Diabetes a big challenge in Oman
MUSCAT — The incidence of diabetes has reached alarming proportions in Oman and is continuing to rise, posing a big challenge to the country’s health system, experts have warned calling for a vigorous drive to tackle the problem.
“We are not doing enough to stop diabetes,” a senior Health Ministry official told a news conference here on Saturday called to announce a new ‘Beat Diabetes’ campaign in the sultanate.
Latest statistics indicate that nearly 15 per cent of the country’s indigenous population is now affected, compared with 11.6 per cent in 2000 and 8.3 per cent in 1991. The rate is the highest in the capital — 17.4 per cent.
According to the International Diabetes Federation (IDF), the sultanate ranks 12th in the world in the prevalence of diabetes in adult population and some 1,000 deaths in the country this year will be directly attributable to the disease.
Fifteen per cent is “an alarming rate and takes a significant toll on the health of the people of Oman,” Dr Halima Al Hinai, Director of Health Education at the Ministry of Health, said. “Therefore, it poses a big challenge to our health system in addressing all its curative aspects and treating all its complications,” she added.
The ministry is joining hands with a leading business house in the region — the Landmark Group — to launch the Beat Diabetes initiative. The first step will be a 2.1km walkathon on November 12, coinciding with World Diabetes Day, observed every year on November 14. There will also be free blood glucose screening at different places across the country throughout the month.
Al Hinai noted that Oman’s rapid economic progress had resulted in increasing incidences of non-communicable and lifestyle-related diseases, notably diabetes, stressing that all segments of the society must work together to face the challenge. The private sector, she said, had a key role to play in this regard.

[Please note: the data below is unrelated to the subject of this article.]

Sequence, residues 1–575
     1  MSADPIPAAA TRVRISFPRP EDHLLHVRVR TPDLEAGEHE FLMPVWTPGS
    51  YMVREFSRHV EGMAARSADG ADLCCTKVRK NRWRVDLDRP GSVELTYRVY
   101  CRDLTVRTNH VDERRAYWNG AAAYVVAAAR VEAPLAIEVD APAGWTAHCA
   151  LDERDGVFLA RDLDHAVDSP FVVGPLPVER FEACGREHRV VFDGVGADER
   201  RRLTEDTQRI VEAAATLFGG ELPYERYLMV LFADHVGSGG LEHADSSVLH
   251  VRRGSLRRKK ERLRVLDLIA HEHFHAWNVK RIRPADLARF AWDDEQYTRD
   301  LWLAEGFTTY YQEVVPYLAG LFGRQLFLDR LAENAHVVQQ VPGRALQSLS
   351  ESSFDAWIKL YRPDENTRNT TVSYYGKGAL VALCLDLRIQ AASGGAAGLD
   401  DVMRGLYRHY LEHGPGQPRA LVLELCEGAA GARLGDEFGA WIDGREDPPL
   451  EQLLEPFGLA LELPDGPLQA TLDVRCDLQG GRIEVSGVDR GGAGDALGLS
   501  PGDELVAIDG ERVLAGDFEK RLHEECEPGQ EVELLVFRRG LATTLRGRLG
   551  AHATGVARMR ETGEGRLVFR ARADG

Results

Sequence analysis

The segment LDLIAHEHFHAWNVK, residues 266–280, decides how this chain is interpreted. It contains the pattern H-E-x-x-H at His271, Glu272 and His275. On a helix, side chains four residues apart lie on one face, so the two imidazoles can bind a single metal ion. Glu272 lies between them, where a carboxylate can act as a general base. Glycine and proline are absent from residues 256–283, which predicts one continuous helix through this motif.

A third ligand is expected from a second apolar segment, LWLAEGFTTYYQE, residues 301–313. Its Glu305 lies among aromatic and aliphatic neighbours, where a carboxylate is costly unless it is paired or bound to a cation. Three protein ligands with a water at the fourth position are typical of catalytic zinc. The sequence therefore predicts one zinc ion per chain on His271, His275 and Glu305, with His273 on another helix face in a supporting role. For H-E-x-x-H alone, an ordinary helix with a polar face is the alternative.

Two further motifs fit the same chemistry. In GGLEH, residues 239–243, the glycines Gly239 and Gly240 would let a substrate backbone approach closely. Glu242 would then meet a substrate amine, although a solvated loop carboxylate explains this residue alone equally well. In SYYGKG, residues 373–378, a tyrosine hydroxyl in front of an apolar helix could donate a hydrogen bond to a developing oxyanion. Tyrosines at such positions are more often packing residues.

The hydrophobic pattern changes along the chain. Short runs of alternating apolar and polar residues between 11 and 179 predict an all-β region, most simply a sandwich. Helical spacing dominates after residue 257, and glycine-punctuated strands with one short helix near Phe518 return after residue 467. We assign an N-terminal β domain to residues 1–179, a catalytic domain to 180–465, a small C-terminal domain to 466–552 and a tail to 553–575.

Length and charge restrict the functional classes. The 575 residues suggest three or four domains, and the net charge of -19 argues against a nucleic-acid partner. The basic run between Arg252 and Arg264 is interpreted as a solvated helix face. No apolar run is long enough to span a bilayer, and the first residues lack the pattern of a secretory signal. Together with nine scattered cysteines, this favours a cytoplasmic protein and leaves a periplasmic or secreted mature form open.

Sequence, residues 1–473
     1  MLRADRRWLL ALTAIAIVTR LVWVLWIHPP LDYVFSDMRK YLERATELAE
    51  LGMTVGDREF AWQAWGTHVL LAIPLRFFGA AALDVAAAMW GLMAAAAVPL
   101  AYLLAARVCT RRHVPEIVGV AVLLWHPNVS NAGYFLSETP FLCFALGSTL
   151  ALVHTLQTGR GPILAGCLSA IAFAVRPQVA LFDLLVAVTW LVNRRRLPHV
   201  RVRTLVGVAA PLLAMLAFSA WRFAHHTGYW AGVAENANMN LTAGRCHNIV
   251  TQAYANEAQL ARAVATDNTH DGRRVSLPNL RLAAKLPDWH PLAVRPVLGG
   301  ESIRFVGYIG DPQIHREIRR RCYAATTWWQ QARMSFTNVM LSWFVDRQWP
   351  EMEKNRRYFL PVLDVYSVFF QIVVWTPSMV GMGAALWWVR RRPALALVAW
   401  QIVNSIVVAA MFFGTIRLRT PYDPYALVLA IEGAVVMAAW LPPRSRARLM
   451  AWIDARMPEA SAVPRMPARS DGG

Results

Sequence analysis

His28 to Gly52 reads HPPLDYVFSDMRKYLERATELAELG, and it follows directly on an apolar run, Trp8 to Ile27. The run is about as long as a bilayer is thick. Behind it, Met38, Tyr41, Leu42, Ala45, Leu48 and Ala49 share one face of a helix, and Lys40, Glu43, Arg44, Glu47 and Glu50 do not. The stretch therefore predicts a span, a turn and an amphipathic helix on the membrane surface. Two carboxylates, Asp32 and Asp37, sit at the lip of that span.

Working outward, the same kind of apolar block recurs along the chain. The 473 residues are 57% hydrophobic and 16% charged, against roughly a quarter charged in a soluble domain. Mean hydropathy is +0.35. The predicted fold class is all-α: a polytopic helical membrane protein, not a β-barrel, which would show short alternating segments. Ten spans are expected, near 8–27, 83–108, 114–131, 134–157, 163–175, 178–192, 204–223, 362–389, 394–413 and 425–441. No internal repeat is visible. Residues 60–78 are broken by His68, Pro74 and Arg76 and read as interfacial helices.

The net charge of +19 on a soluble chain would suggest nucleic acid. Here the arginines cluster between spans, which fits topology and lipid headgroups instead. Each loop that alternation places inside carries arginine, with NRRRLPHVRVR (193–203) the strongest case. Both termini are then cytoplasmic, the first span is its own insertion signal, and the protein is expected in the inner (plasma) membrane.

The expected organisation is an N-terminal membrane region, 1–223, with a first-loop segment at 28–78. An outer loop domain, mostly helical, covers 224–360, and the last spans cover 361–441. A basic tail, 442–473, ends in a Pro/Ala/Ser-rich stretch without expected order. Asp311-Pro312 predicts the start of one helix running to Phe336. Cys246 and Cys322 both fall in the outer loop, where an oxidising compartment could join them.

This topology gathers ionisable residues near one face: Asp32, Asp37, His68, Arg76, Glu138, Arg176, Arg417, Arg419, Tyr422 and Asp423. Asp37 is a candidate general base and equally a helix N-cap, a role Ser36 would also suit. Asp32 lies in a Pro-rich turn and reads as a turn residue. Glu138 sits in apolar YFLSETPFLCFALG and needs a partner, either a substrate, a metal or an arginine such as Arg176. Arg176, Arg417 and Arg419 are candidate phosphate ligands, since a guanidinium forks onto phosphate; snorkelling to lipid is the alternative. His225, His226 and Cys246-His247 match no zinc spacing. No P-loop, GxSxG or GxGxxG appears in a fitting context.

“We are not doing enough to stop diabetes,” Dr Suleiman Al Shereiqi, In-Charge of the National Non-communicable Diseases Screening Programme at the Health Ministry, said. “It is a big challenge…. We have a high rate of foot amputations in Oman,” he added.
Al Shereiqi said the Beat Diabetes campaign was an “excellent opportunity” to raise awareness about “a growing problem in the country and to encourage people to adopt a healthy balanced diet, physical activity and to go for screening every second year”.
“Diabetes is growing at an alarming rate across the globe,” Clive Freeman, Territory Head — Landmark Group, Oman, said, noting that every year some seven million people developed the disease worldwide. And diabetes was the cause of four million deaths annually, he further said, adding: “When we reviewed the research figures about its impact on this region last year, we realised that a high percentage of the individuals who are living with Type-2 diabetes are not even aware of the fact that they are suffering from this condition. This prompted us to take up the cause and help spread awareness about diabetes.”
The group held its first ‘Beat Diabetes, walkathon in Dubai in 2009 that attracted more than 5,000 people. This year, countries hosting the event will include Kuwait, Qatar, Bahrain and India, besides Oman and the UAE.
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